Sir Martin Sorrell, the 59-year-old chief executive of WPP, the world's second largest advert-ising and marketing services group, could walk down almost any street in London and go completely unrecognised. Ironically, outside ad-land and the business pages of the serious press, the man who predicted the current advertising recession has no public profile at all.
"Thank God for that," says Sorrell, who also brushes aside a nickname - June 21st (the "shortest knight") - that refers to his height. "Par for the course," laughs Sorrell, who in less than 20 years has taken WPP, whose advertising agencies include Ogilvy and Mather, J Walter Thompson and Young & Rubicam, from employing two people in one office to a multinational giant employing more than 50,000 people in 170 offices around the world.
The power of Sorrell, or rather that of WPP, is that it is responsible for one in five of all the advertisements placed in the British media. As a consequence, Sorrell is paid about £2m a year and is worth an estimated £130m. Despite having had a bank rescue along the way, WPP companies have recently underlined their strength compared with rivals Omnicom, Interpublic and Publicis, by winning the entire global HSBC account for advertising, media and direct mail. Sorrell was recently judged the ninth most influential figure in the UK media.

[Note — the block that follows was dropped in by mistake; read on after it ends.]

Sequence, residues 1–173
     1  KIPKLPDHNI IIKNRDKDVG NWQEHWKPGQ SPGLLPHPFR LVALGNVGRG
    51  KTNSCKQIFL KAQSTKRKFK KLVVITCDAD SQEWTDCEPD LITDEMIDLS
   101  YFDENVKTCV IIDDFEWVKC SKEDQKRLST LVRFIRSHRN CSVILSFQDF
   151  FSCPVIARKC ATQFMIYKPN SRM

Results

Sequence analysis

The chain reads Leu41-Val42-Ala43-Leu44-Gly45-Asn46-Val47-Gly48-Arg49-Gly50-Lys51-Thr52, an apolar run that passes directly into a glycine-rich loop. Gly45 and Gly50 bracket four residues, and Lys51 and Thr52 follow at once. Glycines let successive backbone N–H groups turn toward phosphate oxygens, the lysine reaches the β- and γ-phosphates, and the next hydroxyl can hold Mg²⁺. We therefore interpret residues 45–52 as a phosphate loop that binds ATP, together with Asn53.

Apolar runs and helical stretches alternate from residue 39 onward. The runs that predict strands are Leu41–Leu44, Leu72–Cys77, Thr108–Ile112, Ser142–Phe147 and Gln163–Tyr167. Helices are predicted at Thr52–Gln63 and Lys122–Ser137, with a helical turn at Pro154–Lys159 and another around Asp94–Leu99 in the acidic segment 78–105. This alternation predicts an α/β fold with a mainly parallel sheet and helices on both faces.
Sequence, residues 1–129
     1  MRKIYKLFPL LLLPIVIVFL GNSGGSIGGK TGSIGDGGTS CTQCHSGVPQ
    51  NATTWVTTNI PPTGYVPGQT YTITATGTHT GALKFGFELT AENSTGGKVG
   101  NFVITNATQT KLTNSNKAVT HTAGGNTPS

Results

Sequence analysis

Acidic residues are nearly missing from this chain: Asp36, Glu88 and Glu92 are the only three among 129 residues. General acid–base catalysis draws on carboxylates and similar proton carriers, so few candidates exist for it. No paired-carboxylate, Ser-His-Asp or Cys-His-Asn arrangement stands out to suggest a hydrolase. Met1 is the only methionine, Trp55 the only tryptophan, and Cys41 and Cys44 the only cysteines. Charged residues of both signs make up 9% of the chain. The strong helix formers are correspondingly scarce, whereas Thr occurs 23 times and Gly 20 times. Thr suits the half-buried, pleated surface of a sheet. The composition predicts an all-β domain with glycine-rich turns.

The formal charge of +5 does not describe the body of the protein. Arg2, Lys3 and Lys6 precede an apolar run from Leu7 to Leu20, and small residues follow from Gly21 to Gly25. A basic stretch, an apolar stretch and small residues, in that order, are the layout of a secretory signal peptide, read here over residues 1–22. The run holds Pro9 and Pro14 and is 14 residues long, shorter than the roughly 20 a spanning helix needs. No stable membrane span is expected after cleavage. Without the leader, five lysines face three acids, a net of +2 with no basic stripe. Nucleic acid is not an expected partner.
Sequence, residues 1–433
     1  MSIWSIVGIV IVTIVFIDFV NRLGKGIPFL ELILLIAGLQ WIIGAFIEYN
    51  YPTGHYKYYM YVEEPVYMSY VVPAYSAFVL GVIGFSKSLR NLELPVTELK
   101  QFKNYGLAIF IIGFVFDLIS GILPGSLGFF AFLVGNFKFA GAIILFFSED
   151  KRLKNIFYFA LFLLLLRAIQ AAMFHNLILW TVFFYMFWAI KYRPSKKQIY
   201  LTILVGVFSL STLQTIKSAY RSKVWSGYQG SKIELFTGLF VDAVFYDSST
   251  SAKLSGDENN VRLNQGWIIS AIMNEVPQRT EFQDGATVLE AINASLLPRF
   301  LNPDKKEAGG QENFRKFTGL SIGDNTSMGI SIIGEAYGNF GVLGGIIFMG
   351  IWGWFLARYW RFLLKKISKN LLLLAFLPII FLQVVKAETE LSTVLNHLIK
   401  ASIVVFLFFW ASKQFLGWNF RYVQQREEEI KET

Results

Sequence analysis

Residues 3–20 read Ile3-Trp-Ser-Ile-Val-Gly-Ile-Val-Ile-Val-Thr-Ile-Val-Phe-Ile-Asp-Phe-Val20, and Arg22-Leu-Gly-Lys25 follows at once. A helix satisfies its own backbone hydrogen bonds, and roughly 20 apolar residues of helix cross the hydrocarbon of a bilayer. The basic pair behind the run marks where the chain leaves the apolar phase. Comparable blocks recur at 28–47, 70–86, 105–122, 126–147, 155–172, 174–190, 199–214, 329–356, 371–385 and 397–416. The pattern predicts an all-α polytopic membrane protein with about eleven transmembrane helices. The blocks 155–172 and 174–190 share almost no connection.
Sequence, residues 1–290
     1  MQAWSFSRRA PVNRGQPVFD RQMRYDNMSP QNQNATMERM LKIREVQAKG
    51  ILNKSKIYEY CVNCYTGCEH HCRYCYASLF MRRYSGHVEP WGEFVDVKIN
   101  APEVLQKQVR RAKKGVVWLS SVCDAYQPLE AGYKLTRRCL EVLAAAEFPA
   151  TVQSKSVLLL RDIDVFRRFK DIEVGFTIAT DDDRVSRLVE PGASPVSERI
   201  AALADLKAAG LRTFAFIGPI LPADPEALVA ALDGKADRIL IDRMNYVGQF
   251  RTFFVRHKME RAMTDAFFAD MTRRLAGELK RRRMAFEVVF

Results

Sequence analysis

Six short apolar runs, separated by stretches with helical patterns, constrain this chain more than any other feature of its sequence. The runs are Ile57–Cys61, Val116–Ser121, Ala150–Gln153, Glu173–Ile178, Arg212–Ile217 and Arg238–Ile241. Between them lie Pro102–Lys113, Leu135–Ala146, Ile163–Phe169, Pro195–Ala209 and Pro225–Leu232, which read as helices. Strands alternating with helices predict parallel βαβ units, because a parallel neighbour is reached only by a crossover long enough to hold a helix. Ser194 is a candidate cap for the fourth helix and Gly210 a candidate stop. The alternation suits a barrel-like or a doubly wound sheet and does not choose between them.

Nevertheless, he insists: "My view is that I am a pretty powerless individual because when I say go left, everyone else goes right." But there is no doubt he can command instant attention when he issues pithy comments about the depth and length of the recession, or the effect of the internet on traditional media. He famously predicted - correctly - that we would live through a "bath-shaped" recession and would only begin climbing out of it this year, boosted by Euro 2004, the Olympic Games and the $1.5bn now being spent on political advertising in the US presidential election.
Little is known about his private life other than the fact that his wife Sandy has a degree in French, that he likes playing cricket, and that all three of his sons appear to be merchant bankers. I ask him if it is true that all three are bankers: "Could be. You'd have to ask them - but I wouldn't let you," says Sorrell.
He is talking in the boardroom of his modest headquarters in London's Farm Street, near the Church of the Immaculate Conception. From here he oversees a multi-national client list that includes Ford, Unilever, Shell and IBM.
Although current WPP television ads - such as the Land Rover campaign with Masai warriors and hippos - are eye-catching enough, increasingly the aim is to use all available media outlets including direct mail, the internet and interactive, alongside traditional commercials. "But 30-second ads will still be important, network TV will still be important and there will still be couch potatoes," predicts Sorrell, who says he loves Sky television and thinks Sky+ is "fantastic."
The continuing growth of the internet and interactive advertising will accelerate, he says. He is currently intrigued by forecasts that interactive advertising in the United States will prove more important than magazine advertising by 2007.
"I think the challenge facing paper publishers - newspapers and magazines - is getting greater and greater," he warns. Periodicals will come under greater pressure than daily newspapers. "I read less weeklies and less fortnightlies. I don't get my 'market close' from the FT any more - I get it from Bloomberg the night before. Can I wait for Fortune or Business Week or The Economist? The answer is probably 'no'."